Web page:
Yeah, yeah, God see"s all, he sees a little sparrow fall, God knoweth all things, and all that"got it.

However, we only experience what we view as the "present", when really this observer would be able to look at all of our deaths, even though to us, they haven't happened yet.

Yes, we are mere humans, what we experience is an illusion, but the one true reality, the absolute point of view of a greater being that looks upon the universe from outside of it, from on high, to Him, all is known, past, present, and future are all laid bare to He who transcends time and space.

Got it"thanks for enlightening us.

Perhaps you should have put this thread in the religion forum.
"It is one of the commonest of mistakes to consider that the limit of our power of perception is also the limit of all there is to perceive." " C. W. Leadbeater
Rational_Thinker9119
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1/3/2014 1:23:00 PM
Posted: 2 years ago
At 1/3/2014 7:06:54 AM, Sidewalker wrote:
At 1/2/2014 11:07:14 AM, Rational_Thinker9119 wrote:
At 1/2/2014 8:45:31 AM, slo1 wrote:
At 1/2/2014 2:34:21 AM, Rational_Thinker9119 wrote:


For an atheist, that is a very religious perspective.

Not at all. It is a conditional statement "If" there was an outside observer, that doesn't mean there actually has to be. Look up conditional logic; "if x" =/= "x"


You are saying the view from outside of the universe, from God's perspective, is ontologically fundamental, it makes more sense to recognize that the experience of humans is subordinate to the true reality of God, the physical world we experience and study is merely an illusion, what is most real is a transcendent realm beyond the spatial and temporal illusions of Man.

Nope, that is not what I said at all. Are you sidewalker, or straw-man?


"Efforts to understand time below the Planck scale have led to an exceedingly strange juncture in physics. The problem, in brief, is that time may not exist at the most fundamental level of physical reality." [http://discovermagazine.com...]

Yep, got it, the world we exist in isn't real, time and space are merely human constructs that are transcended by the one true and ultimate reality.

Probably.


Since the timelessness is more fundamental than the emergent property (time), and only one of them can be ontologically correct, this suggests that time is the illusion.

Yes, there is a fundamental reality that transcends our human reality, our reality is merely an illusion, the true reality is a timeless realm in which we live and move and have our being.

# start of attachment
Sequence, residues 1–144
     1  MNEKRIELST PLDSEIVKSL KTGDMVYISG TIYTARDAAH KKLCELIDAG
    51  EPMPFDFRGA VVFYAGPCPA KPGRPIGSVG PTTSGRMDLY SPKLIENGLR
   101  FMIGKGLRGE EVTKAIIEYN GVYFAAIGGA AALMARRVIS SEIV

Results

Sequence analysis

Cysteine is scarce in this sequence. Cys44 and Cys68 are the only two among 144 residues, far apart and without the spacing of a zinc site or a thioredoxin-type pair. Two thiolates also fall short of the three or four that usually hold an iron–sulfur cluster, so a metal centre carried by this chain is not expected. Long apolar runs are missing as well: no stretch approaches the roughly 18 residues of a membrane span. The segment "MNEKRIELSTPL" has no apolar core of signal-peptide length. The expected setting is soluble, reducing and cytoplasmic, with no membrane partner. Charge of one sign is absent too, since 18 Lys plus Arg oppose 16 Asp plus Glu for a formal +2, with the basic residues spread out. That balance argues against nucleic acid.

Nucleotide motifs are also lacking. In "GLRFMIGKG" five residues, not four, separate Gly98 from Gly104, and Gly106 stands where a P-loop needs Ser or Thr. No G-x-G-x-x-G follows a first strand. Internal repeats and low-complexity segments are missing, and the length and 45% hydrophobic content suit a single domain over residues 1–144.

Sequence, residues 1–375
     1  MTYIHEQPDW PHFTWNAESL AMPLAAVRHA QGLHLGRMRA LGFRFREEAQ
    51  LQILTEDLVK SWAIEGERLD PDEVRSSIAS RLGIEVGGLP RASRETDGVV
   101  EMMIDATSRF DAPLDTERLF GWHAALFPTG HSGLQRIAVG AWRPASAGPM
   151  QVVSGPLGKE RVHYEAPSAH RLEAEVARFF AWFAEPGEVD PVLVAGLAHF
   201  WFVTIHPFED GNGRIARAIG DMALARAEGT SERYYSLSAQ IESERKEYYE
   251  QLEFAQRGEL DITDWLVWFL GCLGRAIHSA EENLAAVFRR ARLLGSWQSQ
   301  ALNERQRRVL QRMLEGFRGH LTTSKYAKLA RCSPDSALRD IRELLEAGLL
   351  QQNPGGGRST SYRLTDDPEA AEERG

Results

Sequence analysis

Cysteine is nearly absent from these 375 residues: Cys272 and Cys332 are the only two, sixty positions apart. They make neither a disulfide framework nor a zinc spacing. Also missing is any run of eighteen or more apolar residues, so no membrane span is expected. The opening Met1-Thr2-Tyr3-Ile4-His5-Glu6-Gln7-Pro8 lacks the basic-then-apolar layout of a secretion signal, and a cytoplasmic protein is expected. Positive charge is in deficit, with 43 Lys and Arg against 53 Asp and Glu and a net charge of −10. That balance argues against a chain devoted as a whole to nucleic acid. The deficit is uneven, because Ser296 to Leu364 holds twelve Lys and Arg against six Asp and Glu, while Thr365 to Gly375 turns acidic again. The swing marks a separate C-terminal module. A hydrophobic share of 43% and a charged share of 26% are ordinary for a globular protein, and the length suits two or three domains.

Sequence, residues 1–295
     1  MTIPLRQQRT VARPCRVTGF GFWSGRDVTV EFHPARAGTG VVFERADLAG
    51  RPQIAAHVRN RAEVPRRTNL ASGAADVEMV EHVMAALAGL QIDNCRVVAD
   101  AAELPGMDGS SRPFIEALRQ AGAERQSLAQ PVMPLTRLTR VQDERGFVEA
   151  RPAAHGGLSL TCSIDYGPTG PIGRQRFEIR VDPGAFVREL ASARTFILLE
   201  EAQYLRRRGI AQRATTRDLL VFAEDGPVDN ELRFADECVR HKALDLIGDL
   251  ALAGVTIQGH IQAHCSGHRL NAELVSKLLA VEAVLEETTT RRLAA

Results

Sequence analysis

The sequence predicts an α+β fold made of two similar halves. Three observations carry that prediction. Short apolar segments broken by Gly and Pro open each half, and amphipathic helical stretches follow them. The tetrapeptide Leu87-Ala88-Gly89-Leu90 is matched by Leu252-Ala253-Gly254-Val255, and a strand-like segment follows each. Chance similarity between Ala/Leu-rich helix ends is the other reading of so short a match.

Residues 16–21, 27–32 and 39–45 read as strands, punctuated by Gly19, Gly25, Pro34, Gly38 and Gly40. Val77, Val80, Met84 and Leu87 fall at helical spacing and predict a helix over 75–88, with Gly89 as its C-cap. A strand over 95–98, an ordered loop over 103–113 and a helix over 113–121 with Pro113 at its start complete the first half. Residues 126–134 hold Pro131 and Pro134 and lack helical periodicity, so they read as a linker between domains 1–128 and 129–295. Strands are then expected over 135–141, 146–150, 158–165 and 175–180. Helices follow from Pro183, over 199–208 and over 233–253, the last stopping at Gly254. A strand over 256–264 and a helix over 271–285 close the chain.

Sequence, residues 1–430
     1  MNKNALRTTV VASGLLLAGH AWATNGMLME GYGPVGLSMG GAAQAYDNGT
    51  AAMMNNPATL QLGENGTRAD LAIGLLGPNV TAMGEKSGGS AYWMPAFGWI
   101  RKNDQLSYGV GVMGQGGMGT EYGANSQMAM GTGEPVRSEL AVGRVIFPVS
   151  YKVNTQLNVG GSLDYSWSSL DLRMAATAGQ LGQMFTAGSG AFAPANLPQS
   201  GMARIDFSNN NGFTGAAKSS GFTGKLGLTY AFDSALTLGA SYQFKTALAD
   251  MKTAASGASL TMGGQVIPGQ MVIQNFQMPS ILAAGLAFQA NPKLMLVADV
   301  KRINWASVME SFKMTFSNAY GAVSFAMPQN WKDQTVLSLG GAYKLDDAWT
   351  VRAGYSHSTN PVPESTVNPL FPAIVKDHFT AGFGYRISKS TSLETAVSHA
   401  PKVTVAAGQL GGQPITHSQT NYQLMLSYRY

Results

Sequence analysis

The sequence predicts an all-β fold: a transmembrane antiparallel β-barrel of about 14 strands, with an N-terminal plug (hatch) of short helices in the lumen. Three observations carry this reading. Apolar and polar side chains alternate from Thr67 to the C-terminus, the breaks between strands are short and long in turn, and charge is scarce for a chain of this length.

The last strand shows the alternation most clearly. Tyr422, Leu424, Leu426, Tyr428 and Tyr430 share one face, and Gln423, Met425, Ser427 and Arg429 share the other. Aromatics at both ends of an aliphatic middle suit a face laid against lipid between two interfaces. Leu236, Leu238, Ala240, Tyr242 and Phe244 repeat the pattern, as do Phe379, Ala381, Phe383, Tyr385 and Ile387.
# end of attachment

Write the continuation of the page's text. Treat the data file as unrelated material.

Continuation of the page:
Amazing,I once was lost but now I'm found....thank you.

Are we supposed to tithe or do some kind of ritual now?

Do whatever you want. Why should I care?

That doesn"t logically follow from what we have learned from Quantum Physics and General Relativity, you are applying the Newtonian frame of reference to these theories where it just doesn"t apply.

How so? This is just a bare-assertion.

Oh pulease, that is like saying that according to quantum mechanics, a photon is either a wave or a particle, one must be an illusion.

Nope. Nothing like that.

Yeah, and since green is both blue and yellow, and yet, neither blue nor yellow, the color green must be an illusion too.

False-analogy.

Yeah, yeah, God see"s all, he sees a little sparrow fall, God knoweth all things, and all that"got it.

That's not what I said. I suggest taking up a reading course.

Yes, we are mere humans, what we experience is an illusion, but the one true reality, the absolute point of view of a greater being that looks upon the universe from outside of it, from on high, to Him, all is known, past, present, and future are all laid bare to He who transcends time and space.

No. If there is this being, he would see a static universe. That doesn't mean there has to be.

"if x" =/ "x"

So, nothing I am saying really has any religious implications.

Got it"thanks for enlightening us.

Perhaps you should have put this thread in the religion forum.

This has nothing to do with religion, I am citing science experiments lol You are funny...